I’m not different from most entrepreneurs in that I have the patience equivalent to that of gravity. (E.g. If something has to come down, it may as well come down right now.) We see where we want to be and when we decide we want to be there, we are immediately uncomfortable not being there.
In Startup Life, you set out to build a company. Maybe for the first 2 weeks you are excited to “do” a startup. But for those who have been down the path before, you know what the company looks like and it does not look like a startup.
As our startup team is starting to find our groove— deals are closing, issues are happening and being fixed, recruiting is going— all of these things are making it start to look more like a company and less like a startup.
But with all that patience we talked about before, we start to immediately think about ourselves as a company… and when we do that, a funny thing happens. All of the things that are normal checklist items for a startup to get done to become a company, all of a sudden can feel like problems.
Problems everywhere! Our offer letter sucks, that’s a problem. We don’t have enough MRR to do X: problem. Our product only has 20% of the capabilities that we want it to have: problem. Our engineering team is too small: problem.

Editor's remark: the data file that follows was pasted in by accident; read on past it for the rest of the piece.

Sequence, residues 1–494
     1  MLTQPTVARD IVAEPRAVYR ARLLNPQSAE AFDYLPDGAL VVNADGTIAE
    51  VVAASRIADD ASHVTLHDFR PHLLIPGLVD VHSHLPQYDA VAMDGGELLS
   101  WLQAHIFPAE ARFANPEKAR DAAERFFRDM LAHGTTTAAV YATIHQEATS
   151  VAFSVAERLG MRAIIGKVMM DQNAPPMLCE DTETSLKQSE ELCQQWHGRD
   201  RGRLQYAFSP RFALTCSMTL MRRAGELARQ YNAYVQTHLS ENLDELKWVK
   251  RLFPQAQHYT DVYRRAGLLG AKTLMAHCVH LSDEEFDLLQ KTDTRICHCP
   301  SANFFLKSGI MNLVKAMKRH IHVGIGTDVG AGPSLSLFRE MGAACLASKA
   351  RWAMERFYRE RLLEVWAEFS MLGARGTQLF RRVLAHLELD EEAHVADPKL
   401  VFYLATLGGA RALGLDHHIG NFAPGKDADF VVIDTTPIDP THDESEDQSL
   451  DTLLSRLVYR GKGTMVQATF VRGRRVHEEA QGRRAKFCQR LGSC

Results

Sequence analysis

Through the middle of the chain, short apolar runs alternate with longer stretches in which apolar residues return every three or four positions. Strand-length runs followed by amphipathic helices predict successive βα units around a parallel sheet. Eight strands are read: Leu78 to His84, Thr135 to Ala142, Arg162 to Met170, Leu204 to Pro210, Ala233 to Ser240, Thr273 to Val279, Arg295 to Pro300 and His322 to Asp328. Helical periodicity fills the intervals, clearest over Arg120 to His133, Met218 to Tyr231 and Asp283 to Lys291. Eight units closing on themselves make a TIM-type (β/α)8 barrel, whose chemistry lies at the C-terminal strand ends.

But in reality, these aren’t problems, they are just things to do. At the end of the day sometimes, I walk out of the Village thinking “Oh crap, we have a company with tons of problems.” But honestly, every thing that we see is a problem, isn’t something that fell apart because we haven’t been paying attention, it’s just something that we haven’t gotten to… yet.
It is excruciatingly difficult to step back, remember the big picture, and slow down the analysis. But when you do, you’ll remember who you really are, how impressive it is what you’ve accomplished already, and how to enjoy the fact that you have so many opportunities every day to shape what will become a great organization. Just keep moving. Each day, get something important done.